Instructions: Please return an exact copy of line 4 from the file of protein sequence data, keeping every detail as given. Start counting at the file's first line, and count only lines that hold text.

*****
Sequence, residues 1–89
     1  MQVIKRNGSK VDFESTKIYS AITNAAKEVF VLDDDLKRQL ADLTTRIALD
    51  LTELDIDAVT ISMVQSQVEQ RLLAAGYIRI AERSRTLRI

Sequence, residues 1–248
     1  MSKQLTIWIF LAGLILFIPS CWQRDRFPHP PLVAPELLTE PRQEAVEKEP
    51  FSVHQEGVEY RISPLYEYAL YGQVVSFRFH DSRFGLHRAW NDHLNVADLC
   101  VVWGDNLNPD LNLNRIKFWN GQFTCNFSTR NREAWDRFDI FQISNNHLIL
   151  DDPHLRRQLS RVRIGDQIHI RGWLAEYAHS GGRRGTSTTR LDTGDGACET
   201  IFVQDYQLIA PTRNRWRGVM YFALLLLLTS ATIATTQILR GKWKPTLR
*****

Sequence, residues 1–248